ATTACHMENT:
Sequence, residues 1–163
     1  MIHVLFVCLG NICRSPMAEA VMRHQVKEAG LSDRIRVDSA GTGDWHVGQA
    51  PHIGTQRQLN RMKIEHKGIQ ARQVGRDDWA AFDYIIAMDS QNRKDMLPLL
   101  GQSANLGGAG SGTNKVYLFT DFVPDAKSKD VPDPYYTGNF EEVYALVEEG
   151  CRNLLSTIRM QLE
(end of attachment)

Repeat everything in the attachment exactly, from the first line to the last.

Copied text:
Sequence, residues 1–163
     1  MIHVLFVCLG NICRSPMAEA VMRHQVKEAG LSDRIRVDSA GTGDWHVGQA
    51  PHIGTQRQLN RMKIEHKGIQ ARQVGRDDWA AFDYIIAMDS QNRKDMLPLL
   101  GQSANLGGAG SGTNKVYLFT DFVPDAKSKD VPDPYYTGNF EEVYALVEEG
   151  CRNLLSTIRM QLE